It would be an understatement to say that change is in the air. Last week Donald Trump was inaugurated as the 45th president of the United States. While the Trump administration begins to take action, businesses are hopeful that he will keep their industries in mind.

The travel industry is a major player in the U.S. economy, contributing more than $148 billion in tax revenue and more than 15 million jobs. Without it, every U.S. household would pay an extra $1,192 in taxes per year. Tax revenue, job creation and related services are all partially contingent on the travel industry. Therefore, the future of U.S. travel is a pressing concern right now.

The U.S. Travel Association (USTA) has released a list of priorities for this year, including:

1. Creating policy recommendations for what UTSA calls an “air travel blueprint”
2. Developing a Secure Travel initiative, which emphasizes emergency readiness and response
3. Assisting in secure and proficient travel
4. Modernizing national airports

President Trump has extensive experience with the hospitality sector under his belt. Since he is likely acutely aware of how the travel industry impacts adjoining economic environments, some travel companies are cautiously optimistic.

Consumer Concerns

Under this administration, federal regulations, including those designed to protect consumers, will likely be subject to new limitations. Trump has vowed that for every new federal regulation implemented, two existing ones will be scrapped. Federal regulations impact and shape every sector of the travel industry, so these changes could create an important chain reaction.

In December, a report by the National Economic Council indicated a growing trend of hidden fees which weigh on travelers, and in turn, the economy.

“The real prices of things are now being hidden or muddied by the addition of mandatory fees,” noted Charlie Anderson, senior adviser to the director of the National Economic Council, in a blog post on the White House website. “Quoted prices don’t reflect what things actually cost—the real prices are hidden by fees.”

During the Obama administration, government officials made numerous calls for increased traveler protection. Key travel initiatives took place during this time, including the eradication of hotel and resort fees and clearer price disclosures on airline tickets. It’s possible that the creation of such of policies may slow down in the future—and existing laws may be subject to revision or repeal.

“For a Republican administration—Trump’s included—regulation is a dirty word,” Said Anthony DeMaio, a former airline lobbyist who now works for the Washington, DC, according to a report in The Washing Post. “The increasingly powerful airline industry will not accept more fare-transparency regulation.”

The Impact on Hotels

In several public statements, Arne Sorenson, president and CEO of Marriott International, has expressed concerns about policies that could be damaging to the travel industry.

In an interview at World Economic Forum in Devos, Switzerland, Sorenson discussed the future of travel in 2017. “We had more than 75 million visitors from abroad to the United States last year. That supported… 2.5 million jobs. If you see all of that business disappear overnight that would be detrimental to our business, to our industry and to the economy as well.”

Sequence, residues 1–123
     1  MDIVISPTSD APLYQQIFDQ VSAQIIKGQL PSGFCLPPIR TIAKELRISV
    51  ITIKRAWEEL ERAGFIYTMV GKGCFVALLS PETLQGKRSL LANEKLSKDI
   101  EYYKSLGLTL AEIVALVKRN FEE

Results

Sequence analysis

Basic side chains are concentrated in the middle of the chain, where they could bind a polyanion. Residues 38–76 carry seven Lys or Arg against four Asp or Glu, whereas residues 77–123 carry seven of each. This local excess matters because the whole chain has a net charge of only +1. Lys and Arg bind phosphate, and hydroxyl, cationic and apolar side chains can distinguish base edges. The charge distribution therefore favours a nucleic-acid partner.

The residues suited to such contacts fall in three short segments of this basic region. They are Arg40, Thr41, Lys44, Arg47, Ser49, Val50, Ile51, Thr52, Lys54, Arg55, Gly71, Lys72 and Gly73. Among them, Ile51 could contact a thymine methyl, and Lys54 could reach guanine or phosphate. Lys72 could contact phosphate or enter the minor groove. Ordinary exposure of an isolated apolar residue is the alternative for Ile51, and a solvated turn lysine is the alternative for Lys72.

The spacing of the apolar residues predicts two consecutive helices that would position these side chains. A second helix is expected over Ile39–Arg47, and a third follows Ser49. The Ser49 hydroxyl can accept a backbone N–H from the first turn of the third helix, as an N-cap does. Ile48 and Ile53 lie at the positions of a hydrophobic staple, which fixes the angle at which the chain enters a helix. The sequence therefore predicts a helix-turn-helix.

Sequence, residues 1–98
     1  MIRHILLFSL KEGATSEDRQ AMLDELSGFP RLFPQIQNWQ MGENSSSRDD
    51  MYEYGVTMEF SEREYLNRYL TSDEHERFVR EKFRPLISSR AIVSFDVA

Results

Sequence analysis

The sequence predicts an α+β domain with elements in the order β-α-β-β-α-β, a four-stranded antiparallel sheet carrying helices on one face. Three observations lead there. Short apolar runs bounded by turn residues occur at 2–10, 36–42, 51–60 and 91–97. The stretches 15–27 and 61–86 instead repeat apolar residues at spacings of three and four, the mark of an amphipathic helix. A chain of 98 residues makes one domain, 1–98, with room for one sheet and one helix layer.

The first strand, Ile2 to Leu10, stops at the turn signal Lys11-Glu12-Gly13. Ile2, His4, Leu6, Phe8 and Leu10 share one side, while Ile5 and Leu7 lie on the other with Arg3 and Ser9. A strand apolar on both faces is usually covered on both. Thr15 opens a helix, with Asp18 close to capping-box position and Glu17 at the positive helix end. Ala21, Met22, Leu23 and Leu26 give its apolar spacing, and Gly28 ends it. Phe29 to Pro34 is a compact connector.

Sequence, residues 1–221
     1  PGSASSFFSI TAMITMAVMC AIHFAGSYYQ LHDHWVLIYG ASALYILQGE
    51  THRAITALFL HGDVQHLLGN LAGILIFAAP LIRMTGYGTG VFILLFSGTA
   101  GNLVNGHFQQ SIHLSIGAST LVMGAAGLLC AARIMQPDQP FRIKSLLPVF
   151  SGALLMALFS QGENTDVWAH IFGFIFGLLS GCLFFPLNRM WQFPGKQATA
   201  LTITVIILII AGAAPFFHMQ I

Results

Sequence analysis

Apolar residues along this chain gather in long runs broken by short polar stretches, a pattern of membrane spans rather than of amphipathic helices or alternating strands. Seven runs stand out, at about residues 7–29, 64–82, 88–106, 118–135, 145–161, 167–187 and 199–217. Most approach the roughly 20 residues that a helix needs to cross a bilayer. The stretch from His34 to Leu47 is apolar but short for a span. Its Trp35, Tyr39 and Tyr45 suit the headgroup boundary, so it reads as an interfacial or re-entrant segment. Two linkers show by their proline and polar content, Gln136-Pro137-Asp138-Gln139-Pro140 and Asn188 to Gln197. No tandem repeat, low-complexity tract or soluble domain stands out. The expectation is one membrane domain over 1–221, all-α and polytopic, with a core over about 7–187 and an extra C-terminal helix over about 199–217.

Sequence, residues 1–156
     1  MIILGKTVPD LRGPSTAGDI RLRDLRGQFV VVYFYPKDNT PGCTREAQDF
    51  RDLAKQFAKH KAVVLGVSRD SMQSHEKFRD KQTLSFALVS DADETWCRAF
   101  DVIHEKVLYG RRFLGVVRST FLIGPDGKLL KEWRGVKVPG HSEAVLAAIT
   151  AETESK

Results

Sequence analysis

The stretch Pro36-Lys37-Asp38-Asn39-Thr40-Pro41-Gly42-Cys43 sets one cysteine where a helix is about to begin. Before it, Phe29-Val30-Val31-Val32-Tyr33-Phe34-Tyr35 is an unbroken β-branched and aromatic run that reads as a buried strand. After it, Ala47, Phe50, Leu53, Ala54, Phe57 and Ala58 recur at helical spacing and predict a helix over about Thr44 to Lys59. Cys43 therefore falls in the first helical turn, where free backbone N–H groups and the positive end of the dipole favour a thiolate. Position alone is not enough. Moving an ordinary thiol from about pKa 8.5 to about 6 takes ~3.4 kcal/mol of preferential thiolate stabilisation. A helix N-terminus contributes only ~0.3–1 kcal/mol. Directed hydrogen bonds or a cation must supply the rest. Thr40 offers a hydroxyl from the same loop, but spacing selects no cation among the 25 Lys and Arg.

Improvements in Transportation

If Trump follows through on his promise to oversee crucial infrastructure improvements, then the new administration could provide a big boost for transportation. Likewise, travelers would gain a more enjoyable experience.

Additions, repairs and upgrades to transportation resources would be monumental for the travel industry. However, extensive infrastructure projects require a lot of funding. Money would need to be derived from either increased taxes or additional fees and tolls for privatized projects. Initially, these expenses are potentially negative for transportation services.

Meanwhile, Trump’s stance on countries such as Cuba has prompted questions about travel to these areas. Although immigration and trade policies between the United States and Cuba continue to be restricted, tourism between the two countries is skyrocketing. Last year a record four million people visited the country, making it a rapid-growth market for airlines. New airline routes and cruises have made travel to Cuba much more accessible as well. Consequently, Cuba anticipates at least 100,000 U.S. visitors this year.


Growing American tourism has had a very positive effect on Cuba.  For instance, privately-owned restaurants are thriving because of American patrons. Restaurant owners have used this prosperity to reinvest in their communities and refurbish buildings.

Gary Kelly, Southwest Airlines CEO, discussed potential Cuban complications.

“Those flights have high demand both from the United States and from Cuba and obviously we’re hopeful that we can continue to operate them,” Kelly said in a report to the Tampa Bay Times.  “If the government… decides that that’s not possible, obviously we’ll obey the law but we’re hoping that’s not the case.”

It seems that Trump favors stricter policies with Cuba, as well as with other Central and South American countries. Trump has threatened to abolish the normalization of U.S.-Cuba relations that Obama started in Dec. 2014, unless the United States gets a “better deal.”


Southwest is one of five U.S.-based airlines that began flying to Cuba through a Havana-Tampa route enabled by the Obama Administration last month.

Looking Forward

It’s very possible that President Trump will translate his hospitality experience into constructive travel policies. Genial border experiences, services which provide assistance with visa insurance and potential regulation changes are a few of the ways that Trump can boost the industry.